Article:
We can ask ourselves: Do I have a hard heart, do I have a closed heart? Do I let my heart grow? Am I afraid that it will grow? And we always grow with trials, with difficulties, we grow as we all grow as children: we learn to walk [by] falling. From crawling to walking, how many times we have fallen! But we grow through difficulties. Hardness. And, what amounts to the same thing, being closed. But who remains in this? “Who are they, father?” They are the fainthearted. Faintheartedness is an ugly attitude in a Christian, he lacks the courage to live. He is closed off...
Obstinate Christians, ideologues
The second word is “obstinacy”: In the Letter to the Hebrews we read, “Exhort each other every day, as long as this today lasts, so that none of you may be obstinate”; and this is “the accusation that Stephen makes to those who will stone him afterwards”. Obstinacy is “spiritual stubbornness”: an obstinate heart – explains Pope Francis - is “rebellious”, is “stubborn”, is closed in by its own thought, is not “open to the Holy Spirit”. This is the profile of “ideologues”, and of the proud and the arrogant:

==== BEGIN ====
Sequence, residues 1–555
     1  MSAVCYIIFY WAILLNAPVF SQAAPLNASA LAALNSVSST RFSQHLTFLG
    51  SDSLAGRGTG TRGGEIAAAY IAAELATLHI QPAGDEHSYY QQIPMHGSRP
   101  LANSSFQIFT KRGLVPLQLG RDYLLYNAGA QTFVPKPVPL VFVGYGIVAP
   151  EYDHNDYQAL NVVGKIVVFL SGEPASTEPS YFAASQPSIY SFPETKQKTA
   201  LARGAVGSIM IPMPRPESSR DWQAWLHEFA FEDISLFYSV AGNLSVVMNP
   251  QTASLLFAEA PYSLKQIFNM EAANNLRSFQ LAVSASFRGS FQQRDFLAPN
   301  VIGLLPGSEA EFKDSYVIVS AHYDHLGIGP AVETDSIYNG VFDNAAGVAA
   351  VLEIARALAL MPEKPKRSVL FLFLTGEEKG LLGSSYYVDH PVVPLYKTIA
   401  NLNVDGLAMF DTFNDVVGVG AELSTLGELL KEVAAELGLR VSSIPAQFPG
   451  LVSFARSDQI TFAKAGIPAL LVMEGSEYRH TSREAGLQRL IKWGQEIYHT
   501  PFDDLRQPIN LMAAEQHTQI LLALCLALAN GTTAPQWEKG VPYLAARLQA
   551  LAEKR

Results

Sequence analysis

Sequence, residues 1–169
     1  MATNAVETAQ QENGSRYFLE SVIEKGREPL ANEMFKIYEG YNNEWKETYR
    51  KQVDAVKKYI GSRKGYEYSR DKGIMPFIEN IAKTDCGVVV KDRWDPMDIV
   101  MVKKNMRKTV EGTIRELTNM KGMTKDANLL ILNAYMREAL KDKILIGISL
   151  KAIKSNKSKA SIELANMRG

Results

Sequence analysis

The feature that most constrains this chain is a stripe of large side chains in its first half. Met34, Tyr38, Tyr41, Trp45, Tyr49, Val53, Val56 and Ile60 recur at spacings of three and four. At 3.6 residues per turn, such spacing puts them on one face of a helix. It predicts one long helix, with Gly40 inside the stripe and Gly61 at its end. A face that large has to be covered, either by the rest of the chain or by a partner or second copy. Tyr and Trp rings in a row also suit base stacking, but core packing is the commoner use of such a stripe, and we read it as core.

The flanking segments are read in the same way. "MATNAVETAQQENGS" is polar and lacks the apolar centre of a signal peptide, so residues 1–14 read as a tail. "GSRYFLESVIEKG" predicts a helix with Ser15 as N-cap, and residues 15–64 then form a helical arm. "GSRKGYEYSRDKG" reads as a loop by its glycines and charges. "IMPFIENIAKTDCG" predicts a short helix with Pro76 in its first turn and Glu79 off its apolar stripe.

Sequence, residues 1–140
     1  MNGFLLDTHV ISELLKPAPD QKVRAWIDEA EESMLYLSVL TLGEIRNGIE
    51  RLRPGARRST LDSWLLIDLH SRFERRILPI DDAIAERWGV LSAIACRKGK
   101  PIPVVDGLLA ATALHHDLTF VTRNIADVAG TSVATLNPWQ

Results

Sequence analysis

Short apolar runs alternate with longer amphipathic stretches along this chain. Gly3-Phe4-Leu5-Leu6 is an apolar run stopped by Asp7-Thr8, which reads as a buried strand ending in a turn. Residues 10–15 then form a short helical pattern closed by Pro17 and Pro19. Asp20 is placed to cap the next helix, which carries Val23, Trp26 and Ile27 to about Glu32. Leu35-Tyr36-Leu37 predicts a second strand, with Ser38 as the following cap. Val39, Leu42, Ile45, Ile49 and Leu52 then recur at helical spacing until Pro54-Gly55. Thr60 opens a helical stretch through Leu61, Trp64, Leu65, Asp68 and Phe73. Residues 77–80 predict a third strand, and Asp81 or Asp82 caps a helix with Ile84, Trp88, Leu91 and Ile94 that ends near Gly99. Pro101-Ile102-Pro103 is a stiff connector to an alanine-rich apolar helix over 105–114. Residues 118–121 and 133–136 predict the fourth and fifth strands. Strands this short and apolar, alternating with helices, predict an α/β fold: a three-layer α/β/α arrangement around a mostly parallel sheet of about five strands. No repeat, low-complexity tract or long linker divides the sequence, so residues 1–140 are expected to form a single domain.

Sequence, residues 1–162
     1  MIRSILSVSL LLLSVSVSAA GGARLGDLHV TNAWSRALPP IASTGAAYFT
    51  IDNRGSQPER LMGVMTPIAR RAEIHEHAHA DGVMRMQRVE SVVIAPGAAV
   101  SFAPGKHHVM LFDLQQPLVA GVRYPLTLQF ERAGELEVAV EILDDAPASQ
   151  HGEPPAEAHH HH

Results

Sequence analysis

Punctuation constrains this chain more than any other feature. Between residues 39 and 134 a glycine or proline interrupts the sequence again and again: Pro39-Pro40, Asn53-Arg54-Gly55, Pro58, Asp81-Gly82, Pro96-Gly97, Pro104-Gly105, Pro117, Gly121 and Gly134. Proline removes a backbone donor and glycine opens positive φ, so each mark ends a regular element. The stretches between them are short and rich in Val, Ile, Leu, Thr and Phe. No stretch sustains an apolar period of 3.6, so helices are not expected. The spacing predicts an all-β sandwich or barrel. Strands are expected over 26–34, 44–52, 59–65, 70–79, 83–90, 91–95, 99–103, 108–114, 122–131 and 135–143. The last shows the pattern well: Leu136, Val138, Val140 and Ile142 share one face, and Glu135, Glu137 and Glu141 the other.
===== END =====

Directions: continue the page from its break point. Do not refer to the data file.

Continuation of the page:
Ideology is a [kind of] obstinacy. The Word of God, the grace of the Holy Spirit is not ideology: it is life that makes you grow, always, [that makes you] go forward, and also opens your heart to the signs of the Spirit, to the signs of the times. But obstinacy is also pride, it is arrogance. Stubbornness, that stubbornness that does so much harm: closed-hearted, hard – the first word – those are the fainthearted; the stubborn, the obstinate, as the text says the ideologues are. But do I have a stubborn heart? Each one should consider this. Am I able to listen to other people? And if I think differently, do I say, “But I think this...” Am I capable of dialogue? The obstinate don’t dialogue, they don’t know how, because they always defend themselves with ideas, they are ideologues. And how much harm do ideologues do to the people of God, how much harm! Because they close the way to the work of the Holy Spirit.
Compromising Christians, slaves to seduction
Finally, in order to help us understand how not to slip into the risk of having a perverse heart, the Pope reflects on the word “seduction”: the seduction of sin, used by the devil, the “great seducer”, “a great theologian but without faith, with hatred”, who wants to “enter and dominate” the heart and knows how to do it. So, concludes the Pope, a “perverse heart is one that lets itself be seduced; and seduction leads him to obstinacy, to closure, and to many other things”: